Public Engagement

Short Summary

Synthetic biology, especially genetic engineering, is often met with skepticism or a negative attitude. For our project, we wanted to reduce prejudices against synthetic biology. Furthermore, we intended to raise awareness for possible risks and effects on research projects in the lab, but also on the environment. At our workshop, one of the leading scientists for non-canonical amino acids, Prof. Dr. Nediljko Budisa, mentioned possible risks of an expanded genetic code. In this context, we realized that raising awareness for risks of genetic engineering is rarely brought up in academic studies. Therefore, we decided to investigate this issue and get in contact with students from the life sciences as well as the broader public. We learned that the best way to approach this issue is to involve the youth in synthetic biology by fostering their natural curiosity about science. This is when we decided to get involved in organization and execution of various events such as the 6th CeBiTec pupils’ academy, the teutolab, and the GENIALE. Beside minimizing the prejudices about synthetic biology and imparting curiosity for science, we also wanted to communicate responsible handling of synthetic biology for students of all life sciences. Therefore, we cooperated with the btS (biotechnical students’ initiative) and created a Biotechnology Quiz, where students can evaluate their knowledge about synthetic biology and get sensitized about biosafety issues and a responsible handling of biological research.

Biotech Quiz Show

To offer students of natural sciences related degree programs a more manifold proposal to establish their scientific knowledge and lab experience aside from their daily university routine, we designed and planned a biotech quiz show. It will be arranged as a social event at the end of the year. This competition is designed for several teams with three to five members. These teams compete against each other in three categories, including games like “refill pipette tip boxes”, “estimate colonies on a plate”, “assemble a bioreactor” and a “pipetting challenge”. The teams collect points in each game to win, and in the end, there will be an award ceremony. We organized the biotech quiz show together with the btS Bielefeld, a non-profit and independent student initiative, which sees itself as a go-between for students, universities and companies related to life sciences []. The meeting with the btS on 31th of August, where we discussed the realization of our event, helped strengthening the cooperation of the iGEM team and the btS.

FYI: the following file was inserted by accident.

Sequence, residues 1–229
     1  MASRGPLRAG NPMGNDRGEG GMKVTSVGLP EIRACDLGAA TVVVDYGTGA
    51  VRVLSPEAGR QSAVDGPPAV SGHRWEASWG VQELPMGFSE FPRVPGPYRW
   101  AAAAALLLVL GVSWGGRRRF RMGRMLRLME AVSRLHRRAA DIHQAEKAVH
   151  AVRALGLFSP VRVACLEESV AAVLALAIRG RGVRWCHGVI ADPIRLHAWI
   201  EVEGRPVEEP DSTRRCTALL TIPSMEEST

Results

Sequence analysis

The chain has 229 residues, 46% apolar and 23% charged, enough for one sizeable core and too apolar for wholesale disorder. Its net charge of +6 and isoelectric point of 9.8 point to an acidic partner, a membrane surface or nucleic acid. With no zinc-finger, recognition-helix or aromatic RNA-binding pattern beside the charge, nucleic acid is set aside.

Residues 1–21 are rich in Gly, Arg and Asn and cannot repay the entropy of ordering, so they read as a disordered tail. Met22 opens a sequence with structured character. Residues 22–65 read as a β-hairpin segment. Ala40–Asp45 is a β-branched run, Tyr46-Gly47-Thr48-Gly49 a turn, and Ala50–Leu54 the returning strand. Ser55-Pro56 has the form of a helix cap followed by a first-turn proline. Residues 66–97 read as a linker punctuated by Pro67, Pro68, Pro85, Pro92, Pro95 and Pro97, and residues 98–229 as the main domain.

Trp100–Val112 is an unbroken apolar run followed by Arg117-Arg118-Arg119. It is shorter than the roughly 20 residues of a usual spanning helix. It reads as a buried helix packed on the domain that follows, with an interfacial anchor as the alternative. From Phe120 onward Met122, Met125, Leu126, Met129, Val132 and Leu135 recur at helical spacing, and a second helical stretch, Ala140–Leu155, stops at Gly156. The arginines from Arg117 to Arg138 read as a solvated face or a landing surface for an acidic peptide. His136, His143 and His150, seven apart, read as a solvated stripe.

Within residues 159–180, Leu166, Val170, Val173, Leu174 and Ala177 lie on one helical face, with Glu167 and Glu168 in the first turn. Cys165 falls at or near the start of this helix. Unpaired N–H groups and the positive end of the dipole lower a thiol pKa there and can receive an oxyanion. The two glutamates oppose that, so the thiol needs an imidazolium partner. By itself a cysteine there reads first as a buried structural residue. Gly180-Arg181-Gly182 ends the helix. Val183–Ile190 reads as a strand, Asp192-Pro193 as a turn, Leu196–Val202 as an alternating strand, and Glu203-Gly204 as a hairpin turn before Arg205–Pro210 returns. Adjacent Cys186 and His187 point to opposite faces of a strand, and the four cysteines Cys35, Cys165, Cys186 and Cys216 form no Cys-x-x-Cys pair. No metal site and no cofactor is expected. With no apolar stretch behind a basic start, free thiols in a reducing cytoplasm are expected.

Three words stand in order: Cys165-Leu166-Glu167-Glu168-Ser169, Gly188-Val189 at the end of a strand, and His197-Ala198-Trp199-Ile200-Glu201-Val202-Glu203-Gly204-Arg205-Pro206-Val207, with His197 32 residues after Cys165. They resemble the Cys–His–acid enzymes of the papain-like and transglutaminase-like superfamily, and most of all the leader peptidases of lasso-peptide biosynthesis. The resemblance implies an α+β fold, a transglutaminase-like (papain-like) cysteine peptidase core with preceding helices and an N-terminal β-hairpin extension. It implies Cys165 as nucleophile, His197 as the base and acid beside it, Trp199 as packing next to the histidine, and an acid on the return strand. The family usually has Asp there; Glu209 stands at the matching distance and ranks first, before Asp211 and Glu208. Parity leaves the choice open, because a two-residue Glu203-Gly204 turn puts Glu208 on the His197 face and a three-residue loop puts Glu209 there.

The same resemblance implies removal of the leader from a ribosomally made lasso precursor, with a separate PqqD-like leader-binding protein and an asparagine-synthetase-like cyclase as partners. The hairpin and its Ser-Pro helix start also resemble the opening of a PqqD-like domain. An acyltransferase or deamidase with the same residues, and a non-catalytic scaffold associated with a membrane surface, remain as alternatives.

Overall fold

Figure 1: The cooperation meeting between the iGEM team Bielefeld-CeBiTec 2017 and the btS Bielefeld. On the left: team member Yannic Kerkhoff; on the right: btS first chairman Pierre Kugler

The quiz is designed for students in the 2nd and 3rd semester of biotechnology and molecular biology. Furthermore, we will offer this game during the “introductory week” for the freshmen of the life sciences fields. We are sure that the concept of cooperating with other university related organizations to further the interaction within the space , will inspire others. We wish all future participants of our biotech quiz show great fun and good luck! You can find the full version of our presentation here. Feel free to use this as an inspiration for your own life sciences social event:

The Pupils Academy

What the pupils academy for synthetic biology is about:

The "6th CeBiTec pupils academy" took place from 24th to 28th of July, 2017. The purpose of this event is to teach synthetic biology and biotechnology to high school students with outstanding grades. This year, 20 highly motivated and interested high school students (six boys and fourteen girls) participated in the pupils academy. The program for the mostly 17-year old students was partitioned into a mixture of theoretical and experimental sections. Lectures about a broad range of topics in synthetic biology and biotechnology were held. Additionally, more interactive and reflective sessions like a discussion about the implications of CRISPR/Cas9 were part of the program. However, main aspects of the academy were the practical courses. These featured topics of synthetic biology, bioinformatics, taxonomic identifications and proteomics. In addition, an introduction into scientific work was given. Furthermore, the pupils academy was accompanied by get-togethers every evening. Pupils got into contact with (under)graduate students, PhD students, and professors.